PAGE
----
23
Sep

The middle seat – whether a public relations exercise or airlines putting customer concerns at the centre of their Covid strategy, it is clear that traveller care remains a policy driver

There has been a huge debate about airlines blocking of middle seats and while there are obvious benefits from leaving the seat empty, there is little medical evidence to suggest that the aircraft cabin is a more risky environment for virus transmission. In fact, it is a much more sterile environment than many other locations where people come into close proximity.

Research from the MIT Sloan School of Management, the business school of the Massachusetts Institute of Technology, had highlighted that the benefits of a vacant middle seat could almost half the risk of infection to around 1 in 7,700, but the risk even if all economy class seats are full on an aircraft is just 1 in 4,300. This has led some observers calling the whole debate over middle seats as a public relations exercise to appease those with travel fear.

The views vary among airlines. Among the US majors United Airlines CEO Scott Kirby has stated that there is no such thing as social distancing on a plane, implying that limited distancing confers no real benefit compared to none, a few that has been echoed by executives at leading LCCs, the loudest unsurprisingly being Michael O’Leary at Ryanair. In fact United’s communications team did go as far as saying “when it comes to blocking middle seats, that’s a PR strategy, that’s not a safety strategy,” during a call with reporters.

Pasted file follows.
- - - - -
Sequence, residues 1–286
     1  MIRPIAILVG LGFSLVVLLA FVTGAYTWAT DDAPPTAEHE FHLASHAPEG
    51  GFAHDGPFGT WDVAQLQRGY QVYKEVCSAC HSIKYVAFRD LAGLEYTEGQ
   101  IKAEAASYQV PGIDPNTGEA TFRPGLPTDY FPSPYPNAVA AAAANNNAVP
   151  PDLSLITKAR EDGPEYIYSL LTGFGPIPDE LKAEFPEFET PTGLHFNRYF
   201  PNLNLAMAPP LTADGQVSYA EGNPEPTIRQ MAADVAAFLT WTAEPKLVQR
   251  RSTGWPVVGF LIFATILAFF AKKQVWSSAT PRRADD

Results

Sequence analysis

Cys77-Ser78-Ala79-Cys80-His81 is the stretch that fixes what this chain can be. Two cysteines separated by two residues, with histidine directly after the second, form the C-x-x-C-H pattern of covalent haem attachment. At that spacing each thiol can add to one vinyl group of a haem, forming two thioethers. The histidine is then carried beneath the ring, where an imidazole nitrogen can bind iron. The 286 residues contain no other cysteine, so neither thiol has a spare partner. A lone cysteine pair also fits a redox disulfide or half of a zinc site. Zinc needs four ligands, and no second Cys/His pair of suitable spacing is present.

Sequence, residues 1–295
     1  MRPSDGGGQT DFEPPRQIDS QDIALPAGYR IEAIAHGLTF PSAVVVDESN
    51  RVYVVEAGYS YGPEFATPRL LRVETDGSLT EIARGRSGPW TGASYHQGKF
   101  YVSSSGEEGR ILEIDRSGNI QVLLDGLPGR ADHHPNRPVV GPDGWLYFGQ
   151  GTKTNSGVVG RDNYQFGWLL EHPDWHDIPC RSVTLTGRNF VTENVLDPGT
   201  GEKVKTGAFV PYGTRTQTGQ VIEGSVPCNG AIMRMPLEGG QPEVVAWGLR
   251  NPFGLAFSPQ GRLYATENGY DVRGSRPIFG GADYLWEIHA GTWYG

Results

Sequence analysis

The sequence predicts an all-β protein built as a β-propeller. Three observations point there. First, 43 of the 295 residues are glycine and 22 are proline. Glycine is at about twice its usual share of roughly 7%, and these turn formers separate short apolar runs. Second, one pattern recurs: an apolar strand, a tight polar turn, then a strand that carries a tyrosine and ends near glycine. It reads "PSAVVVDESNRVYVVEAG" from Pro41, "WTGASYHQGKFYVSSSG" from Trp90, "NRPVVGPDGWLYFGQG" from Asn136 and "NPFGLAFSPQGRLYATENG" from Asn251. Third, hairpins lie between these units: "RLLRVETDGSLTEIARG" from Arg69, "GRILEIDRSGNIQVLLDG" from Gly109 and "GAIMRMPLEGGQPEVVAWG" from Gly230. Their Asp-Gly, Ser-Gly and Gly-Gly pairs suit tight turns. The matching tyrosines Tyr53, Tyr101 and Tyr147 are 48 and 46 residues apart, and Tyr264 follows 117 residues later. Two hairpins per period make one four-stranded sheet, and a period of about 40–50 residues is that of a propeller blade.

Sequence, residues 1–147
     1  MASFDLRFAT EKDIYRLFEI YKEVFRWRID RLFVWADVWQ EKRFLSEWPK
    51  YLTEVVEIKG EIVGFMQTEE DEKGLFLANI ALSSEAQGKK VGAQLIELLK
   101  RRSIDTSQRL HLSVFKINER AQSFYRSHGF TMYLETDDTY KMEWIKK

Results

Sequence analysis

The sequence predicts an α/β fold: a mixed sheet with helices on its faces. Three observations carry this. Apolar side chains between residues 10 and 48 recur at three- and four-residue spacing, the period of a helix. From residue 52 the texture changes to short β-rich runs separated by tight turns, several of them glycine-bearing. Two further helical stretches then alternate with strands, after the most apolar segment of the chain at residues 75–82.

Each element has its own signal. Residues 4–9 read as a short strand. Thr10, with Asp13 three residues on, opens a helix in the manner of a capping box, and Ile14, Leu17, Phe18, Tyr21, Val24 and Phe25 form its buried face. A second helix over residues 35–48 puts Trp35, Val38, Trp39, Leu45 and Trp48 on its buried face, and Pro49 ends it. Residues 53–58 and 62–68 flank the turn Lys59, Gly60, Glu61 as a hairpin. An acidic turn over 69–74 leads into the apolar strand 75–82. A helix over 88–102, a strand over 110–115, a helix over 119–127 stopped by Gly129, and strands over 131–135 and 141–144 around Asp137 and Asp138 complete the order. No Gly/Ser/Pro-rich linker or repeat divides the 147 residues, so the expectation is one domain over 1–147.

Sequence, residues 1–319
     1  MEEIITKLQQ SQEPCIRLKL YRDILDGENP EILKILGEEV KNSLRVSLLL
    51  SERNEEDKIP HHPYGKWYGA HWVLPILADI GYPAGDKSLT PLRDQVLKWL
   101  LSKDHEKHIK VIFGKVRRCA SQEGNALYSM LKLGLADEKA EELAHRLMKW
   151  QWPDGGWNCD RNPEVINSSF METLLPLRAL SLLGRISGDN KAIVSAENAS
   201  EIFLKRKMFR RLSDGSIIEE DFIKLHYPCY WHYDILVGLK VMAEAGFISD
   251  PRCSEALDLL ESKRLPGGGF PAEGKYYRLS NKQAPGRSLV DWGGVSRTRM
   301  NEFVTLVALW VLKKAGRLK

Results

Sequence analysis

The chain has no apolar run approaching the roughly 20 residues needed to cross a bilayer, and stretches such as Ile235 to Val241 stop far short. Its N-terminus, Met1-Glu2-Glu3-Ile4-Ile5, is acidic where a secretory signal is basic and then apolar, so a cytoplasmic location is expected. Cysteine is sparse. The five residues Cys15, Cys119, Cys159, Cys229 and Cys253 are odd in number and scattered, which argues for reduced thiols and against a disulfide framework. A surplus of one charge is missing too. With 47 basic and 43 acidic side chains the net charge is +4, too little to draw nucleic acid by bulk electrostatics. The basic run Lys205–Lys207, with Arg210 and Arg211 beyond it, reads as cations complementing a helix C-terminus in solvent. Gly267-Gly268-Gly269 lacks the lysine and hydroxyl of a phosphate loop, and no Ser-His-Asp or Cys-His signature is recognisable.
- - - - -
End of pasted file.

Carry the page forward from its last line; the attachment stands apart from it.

But some across both business models continue to employ promises of maintaining vacant empty seats on aircraft, among them JetBlue Airways, Southwest Airlines and perhaps the main advocate being Delta Air Lines. The US major has extended the blocking of middle seats or capping of capacity on its aircraft until 6-Jan-2021, which at this point its longer than any other US airline.

Delta says it is extending the policy as part of numerous measures it has adopted to ensure passenger safety, but it is clear the capping of passenger levels onboard is helping to boost brand loyalty. Recently, Delta started that its net promoter score (NPS) grew 20 points year-on-year in the month of Jun-2020. And company CEO Ed Bastian has told Bloomberg the airline is aiming for an NPS of 65.

He notes that passengers are switching their loyalty to Delta due to the safety practices the airline has in place to ensure cleanliness and comfort. “Achieving this level of customer satisfaction will help bring in the additional revenue we need to reduce our cash burn”, he told the publication.

A crisis is a great time for companies to build loyalty and a time that they most need it too. But it is also a time when they could lose even the biggest of supporters. How they perform during such a time can ultimately be make or break with short-term attitudes having long-term impacts.

READ MORE via The Blue Swan DailyThe middle seat – whether a public relations exercise or airlines putting customer concerns at the centre of their Covid strategy, it is clear that traveller care remains a policy driver